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admiration appeared attention beauty believe better breast brother Burke called character charms comedy dear death desire Doctor epigram eyes fame field fire Garrick gave genius give Gold Goldsmith hand happy head hear heart hope hour Italy Johnson keep kind King lady land learning lines live look Lord manner mind Miss nature never night o'er observed Oliver once pain party perhaps person plain play pleasure poem poet poor praise present pride printed Reynolds rise round scene seems seen side Sir Joshua smiling soon soul spread success sure talk thee thing thou thought told took town Traveller truth turn village wealth whole wish write written wrote
Página 31 - tis hard to combat, learns to fly ! For him no wretches, born to work and weep, Explore the mine, or tempt the dangerous deep ; No surly porter stands in guilty state, To spurn imploring famine from the gate...
Página 31 - In all my wanderings round this world of care, In all my griefs - and God has given my share I still had hopes my latest hours to crown, Amidst these humble bowers to lay me down; To husband out life's taper at the close, And keep the flame from wasting by repose.
Página 19 - How small, of all that human hearts endure, That part which laws or kings can cause or cure.
Página 33 - Wept o'er his wounds, or, tales of sorrow done, Shoulder'd his crutch, and show'd how fields were won. Pleased with his guests, the good man learn'd to glow, And quite forgot their vices in their woe; Careless their merits or their faults to scan, His pity gave ere charity began.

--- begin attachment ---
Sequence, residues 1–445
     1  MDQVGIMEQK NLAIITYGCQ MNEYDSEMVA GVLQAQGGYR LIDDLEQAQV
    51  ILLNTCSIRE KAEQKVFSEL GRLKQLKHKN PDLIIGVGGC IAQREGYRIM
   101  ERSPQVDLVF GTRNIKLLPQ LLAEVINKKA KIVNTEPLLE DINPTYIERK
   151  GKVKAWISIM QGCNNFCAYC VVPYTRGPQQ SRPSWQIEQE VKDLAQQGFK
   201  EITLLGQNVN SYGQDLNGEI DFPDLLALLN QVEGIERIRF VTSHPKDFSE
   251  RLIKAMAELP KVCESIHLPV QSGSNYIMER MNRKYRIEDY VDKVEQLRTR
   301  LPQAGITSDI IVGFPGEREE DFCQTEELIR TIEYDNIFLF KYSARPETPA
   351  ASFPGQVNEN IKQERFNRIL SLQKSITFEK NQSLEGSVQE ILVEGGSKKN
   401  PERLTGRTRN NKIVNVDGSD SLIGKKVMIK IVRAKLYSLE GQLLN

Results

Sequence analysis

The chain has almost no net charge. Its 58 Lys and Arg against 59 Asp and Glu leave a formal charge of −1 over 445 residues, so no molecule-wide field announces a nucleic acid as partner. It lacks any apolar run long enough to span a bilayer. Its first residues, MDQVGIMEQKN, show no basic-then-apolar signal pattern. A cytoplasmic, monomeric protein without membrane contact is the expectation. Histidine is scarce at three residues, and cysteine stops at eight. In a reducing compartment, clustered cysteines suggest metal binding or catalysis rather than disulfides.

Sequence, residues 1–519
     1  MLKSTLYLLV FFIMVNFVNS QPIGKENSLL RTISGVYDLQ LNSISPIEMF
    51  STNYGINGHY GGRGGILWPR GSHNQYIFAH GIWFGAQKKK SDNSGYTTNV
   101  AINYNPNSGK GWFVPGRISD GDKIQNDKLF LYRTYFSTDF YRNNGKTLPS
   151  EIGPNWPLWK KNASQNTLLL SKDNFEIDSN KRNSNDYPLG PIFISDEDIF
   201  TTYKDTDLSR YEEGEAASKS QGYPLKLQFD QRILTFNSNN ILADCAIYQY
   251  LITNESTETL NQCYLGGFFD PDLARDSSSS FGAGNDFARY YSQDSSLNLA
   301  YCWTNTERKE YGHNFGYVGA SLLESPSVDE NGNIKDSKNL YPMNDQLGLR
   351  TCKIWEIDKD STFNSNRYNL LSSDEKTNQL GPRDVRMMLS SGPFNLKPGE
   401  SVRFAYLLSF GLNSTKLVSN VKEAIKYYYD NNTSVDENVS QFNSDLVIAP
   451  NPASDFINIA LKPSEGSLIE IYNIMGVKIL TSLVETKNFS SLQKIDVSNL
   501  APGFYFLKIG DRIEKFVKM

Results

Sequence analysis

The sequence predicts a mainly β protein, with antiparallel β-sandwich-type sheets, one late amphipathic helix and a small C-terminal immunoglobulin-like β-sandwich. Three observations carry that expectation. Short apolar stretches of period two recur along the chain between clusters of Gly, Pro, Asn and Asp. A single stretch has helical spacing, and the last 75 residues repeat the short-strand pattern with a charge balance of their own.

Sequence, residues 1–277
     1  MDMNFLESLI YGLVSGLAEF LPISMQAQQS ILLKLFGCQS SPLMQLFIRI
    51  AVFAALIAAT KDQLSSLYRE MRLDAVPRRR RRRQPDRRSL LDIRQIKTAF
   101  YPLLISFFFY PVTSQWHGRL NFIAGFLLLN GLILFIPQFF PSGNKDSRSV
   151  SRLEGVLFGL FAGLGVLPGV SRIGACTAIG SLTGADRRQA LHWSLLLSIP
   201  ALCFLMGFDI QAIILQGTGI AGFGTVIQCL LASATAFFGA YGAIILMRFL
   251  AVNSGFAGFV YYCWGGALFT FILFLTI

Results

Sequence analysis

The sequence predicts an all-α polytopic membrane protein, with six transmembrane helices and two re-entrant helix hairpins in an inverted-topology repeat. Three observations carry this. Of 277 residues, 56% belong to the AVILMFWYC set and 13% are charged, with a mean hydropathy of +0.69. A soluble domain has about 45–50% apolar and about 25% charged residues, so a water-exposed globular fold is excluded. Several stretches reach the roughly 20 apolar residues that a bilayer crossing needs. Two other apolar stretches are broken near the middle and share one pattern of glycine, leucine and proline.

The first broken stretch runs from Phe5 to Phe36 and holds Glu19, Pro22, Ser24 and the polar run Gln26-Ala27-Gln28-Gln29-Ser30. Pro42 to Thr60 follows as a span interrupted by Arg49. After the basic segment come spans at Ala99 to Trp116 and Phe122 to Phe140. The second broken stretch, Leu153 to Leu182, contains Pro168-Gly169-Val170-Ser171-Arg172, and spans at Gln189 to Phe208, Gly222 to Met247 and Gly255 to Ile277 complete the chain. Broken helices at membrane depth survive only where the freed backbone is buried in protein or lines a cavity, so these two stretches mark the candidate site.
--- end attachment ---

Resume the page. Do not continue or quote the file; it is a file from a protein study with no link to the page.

Página 39 - The man of wealth and pride Takes up a space that many poor supplied; Space for his lake, his park's extended bounds, Space for his horses, equipage, and hounds...
Página 35 - To them his heart, his love, his griefs, were given, But all his serious thoughts had rest in heaven.
Página 30 - A time there was, ere England's griefs began, When every rood of ground maintain'd its man; For him light labour spread her wholesome store, Just gave what life required, but gave no more: His best companions, innocence and health; And his best riches, ignorance of wealth.
Página 27 - Sweet Auburn ! loveliest village of the plain; Where health and plenty cheered the labouring swain, Where smiling spring its earliest visit paid, And parting summer's lingering blooms delayed: Dear lovely bowers of innocence and ease, Seats of my youth, when every sport could please, How often have I loitered o'er thy green, Where humble happiness endeared each scene!
Página 28 - How often have I blest the coming day, When toil remitting lent its turn to play, And all the village train, from labour free, Led up their sports beneath the spreading tree ; While many a pastime circled in the shade, The young contending as the old surveyed ; And many a gambol frolicked o'er the ground, And sleights of art and feats of strength went round...
Página 1 - REMOTE, unfriended, melancholy, slow, Or by the lazy Scheld or wandering Po ; Or onward, where the rude Carinthian boor Against the houseless stranger shuts the door ; Or where Campania's plain forsaken lies, A weary waste expanding to the skies ; Where'er I roam, whatever realms to see, My heart untravell'd fondly turns to thee ; Still to my brother turns, with ceaseless pain, And drags at each remove a lengthening chain.